Power of the Ballot

July 12, 1995|By CARL T. ROWAN

WASHINGTON — Washington. -- It is already obvious that the 1996 elections will determine how far this nation goes in wiping out the social programs that began during the administration of Franklin D. Roosevelt -- what Republicans call ''the welfare state.''

As we lurch into the 21st century, these elections will determine the endurance and sweep of the ideas of men like House Speaker Newt Gingrich, or presidential candidates such as Bob Dole of Kansas or Pat Buchanan of nowhere.

That is why the critical question is who will vote, who will go fishing on Election Day, and who will not even register and be eligible to cast ballots that influence the future.

From the founding of this country, those with power and privilege have always tried to limit the number of voters. Some insisted that only the propertied vote. Others said only the literate or ''well-educated'' deserved the ballot. Still others denied the franchise to all women or to all blacks.

Even with those barriers removed there have been efforts to make it very inconvenient for the less-privileged to even register. That's why in 1993 Congress passed the National Voter Registration Act, which allows people to register to vote through the driver-licensing process, by mail, and at places commonly used, such as welfare offices.

There has been incredible resistance to this law by some states that claim it is a costly ''unfunded mandate'' that infringes on state's rights. The U.S. Justice Department has just filed suit against Virginia, the sixth state -- after California, Illinois, Michigan, Pennsylvania and South Carolina -- to defy it. Federal courts in California, Illinois and Pennsylvania already have held that this Motor Voter law is constitutional.

All the evidence so far indicates that the law works. It is important for Americans to understand why they should be glad it does.

About 70 million of this country's 190 million-plus eligible voters are not registered. While other democratic nations such as Canada, Germany, Sweden and Australia regularly get turnouts of 70 to 90 percent of eligible voters, only about half of eligible voters in the U.S. typically go to the polls in presidential elections and 30 to 40 percent in Congressional elections.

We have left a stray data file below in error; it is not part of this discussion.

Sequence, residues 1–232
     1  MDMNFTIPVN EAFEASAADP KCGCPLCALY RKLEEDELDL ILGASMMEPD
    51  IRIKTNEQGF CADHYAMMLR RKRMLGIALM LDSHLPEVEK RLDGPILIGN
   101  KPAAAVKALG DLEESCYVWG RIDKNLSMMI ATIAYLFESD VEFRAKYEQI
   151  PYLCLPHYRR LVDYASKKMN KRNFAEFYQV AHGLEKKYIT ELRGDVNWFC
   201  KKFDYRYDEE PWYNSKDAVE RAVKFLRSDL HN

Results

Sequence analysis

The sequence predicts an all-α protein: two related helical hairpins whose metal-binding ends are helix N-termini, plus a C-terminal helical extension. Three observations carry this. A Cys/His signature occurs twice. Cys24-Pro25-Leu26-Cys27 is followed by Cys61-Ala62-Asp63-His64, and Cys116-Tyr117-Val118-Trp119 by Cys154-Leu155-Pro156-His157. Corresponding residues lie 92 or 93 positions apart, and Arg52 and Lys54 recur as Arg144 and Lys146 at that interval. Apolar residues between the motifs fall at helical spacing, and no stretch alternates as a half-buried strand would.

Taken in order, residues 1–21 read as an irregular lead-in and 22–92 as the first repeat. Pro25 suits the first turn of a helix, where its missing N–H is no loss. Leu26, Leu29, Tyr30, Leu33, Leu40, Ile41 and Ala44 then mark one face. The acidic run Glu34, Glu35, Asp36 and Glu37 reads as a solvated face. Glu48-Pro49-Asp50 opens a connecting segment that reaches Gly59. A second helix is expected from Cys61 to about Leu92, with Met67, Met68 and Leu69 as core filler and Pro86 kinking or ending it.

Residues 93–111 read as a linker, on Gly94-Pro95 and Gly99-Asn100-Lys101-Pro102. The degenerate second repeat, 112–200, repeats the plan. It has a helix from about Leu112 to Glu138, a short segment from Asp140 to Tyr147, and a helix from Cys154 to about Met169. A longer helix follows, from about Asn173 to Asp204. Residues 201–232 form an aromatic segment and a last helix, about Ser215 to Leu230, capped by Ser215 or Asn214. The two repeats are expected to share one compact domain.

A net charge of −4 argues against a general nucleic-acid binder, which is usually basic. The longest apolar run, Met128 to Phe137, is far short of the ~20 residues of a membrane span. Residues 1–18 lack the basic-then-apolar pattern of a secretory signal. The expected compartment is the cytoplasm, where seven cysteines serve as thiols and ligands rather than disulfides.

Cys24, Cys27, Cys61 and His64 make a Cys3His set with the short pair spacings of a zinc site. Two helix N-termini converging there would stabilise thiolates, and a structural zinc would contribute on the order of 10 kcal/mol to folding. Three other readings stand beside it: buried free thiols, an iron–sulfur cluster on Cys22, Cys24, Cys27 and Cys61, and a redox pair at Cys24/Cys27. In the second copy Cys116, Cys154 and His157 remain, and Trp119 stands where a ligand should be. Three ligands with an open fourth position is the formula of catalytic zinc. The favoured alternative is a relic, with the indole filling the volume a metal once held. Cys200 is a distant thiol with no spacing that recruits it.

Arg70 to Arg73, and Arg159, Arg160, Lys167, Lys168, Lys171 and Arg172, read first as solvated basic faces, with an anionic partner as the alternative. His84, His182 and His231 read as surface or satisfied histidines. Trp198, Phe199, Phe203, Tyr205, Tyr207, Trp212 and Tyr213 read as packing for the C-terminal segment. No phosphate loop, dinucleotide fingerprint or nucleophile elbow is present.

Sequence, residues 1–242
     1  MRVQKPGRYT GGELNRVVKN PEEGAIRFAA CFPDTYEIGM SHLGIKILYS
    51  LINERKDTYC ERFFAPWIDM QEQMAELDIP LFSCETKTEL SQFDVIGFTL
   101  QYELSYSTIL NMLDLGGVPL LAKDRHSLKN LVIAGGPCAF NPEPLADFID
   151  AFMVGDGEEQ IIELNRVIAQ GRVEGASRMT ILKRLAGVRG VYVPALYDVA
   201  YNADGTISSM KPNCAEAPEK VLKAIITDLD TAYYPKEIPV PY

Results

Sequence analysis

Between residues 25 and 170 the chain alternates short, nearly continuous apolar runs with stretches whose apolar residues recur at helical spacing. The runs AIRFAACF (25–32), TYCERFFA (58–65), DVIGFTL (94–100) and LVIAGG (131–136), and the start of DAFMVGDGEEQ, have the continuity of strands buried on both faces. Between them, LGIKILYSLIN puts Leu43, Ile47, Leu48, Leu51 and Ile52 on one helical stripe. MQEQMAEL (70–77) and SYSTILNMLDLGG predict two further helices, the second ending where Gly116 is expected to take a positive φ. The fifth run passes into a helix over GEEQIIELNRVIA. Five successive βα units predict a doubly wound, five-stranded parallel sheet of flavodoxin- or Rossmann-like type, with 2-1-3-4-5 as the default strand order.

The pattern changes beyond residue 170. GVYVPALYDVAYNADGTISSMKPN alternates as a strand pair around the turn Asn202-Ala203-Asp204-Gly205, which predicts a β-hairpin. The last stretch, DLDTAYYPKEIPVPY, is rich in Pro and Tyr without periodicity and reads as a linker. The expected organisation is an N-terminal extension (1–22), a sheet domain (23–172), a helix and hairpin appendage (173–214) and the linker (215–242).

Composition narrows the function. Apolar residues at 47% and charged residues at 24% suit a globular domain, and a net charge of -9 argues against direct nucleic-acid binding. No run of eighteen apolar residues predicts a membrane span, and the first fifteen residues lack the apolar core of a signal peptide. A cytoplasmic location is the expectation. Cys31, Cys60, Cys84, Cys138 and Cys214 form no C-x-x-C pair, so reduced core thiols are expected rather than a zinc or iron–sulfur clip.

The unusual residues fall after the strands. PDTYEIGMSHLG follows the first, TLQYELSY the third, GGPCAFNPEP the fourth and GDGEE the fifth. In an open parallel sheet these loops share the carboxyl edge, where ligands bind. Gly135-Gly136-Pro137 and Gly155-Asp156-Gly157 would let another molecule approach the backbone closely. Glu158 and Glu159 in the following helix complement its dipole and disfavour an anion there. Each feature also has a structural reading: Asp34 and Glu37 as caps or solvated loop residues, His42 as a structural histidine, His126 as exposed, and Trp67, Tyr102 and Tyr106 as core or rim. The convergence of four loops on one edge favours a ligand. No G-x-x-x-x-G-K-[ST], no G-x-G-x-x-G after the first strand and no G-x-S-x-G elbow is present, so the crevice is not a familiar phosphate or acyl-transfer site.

Many reasons are offered for that dismal record, from voter cynicism to difficulty in registering. The U.S. is the only Western democracy in which the burden of registration rests with the voters rather than the government. Registration is the first step toward participation in the democratic process; people who are registered usually vote. According to the Census Bureau, about 85 percent of those registered have voted in past presidential elections.

In the first three months after the Motor Voter law went into effect on Jan. 1 of this year, some 2 million Americans registered, according to a survey conducted for the National Motor Voter Coalition.

''We're experiencing the largest voter registration increase in American history,'' says Richard Cloward, executive director of Human SERVE, a New York-based voter registration organization. He estimates that up to 20 million more Americans will be registered before the 1996 presidential election.

According to Becky Cain, president of the League of Women Voters of the United States, new registrants are likely to be people who have traditionally been left out -- those with lower incomes and disabilities, some minorities, the young, and anyone who has recently moved (about one-third of American adults move every two years).

It's time for balky states to quit whining and get on with voter registration. Funding will not break any state's bank. And whatever the cost, it is a small and reasonable price to pay for what Ms. Cain points out will be a ''larger, more diverse electorate -- one that is more reflective of the American people.''

Carl T. Rowan is a syndicated columnist.

Baltimore Sun Articles
|
|
|
Please note the green-lined linked article text has been applied commercially without any involvement from our newsroom editors, reporters or any other editorial staff.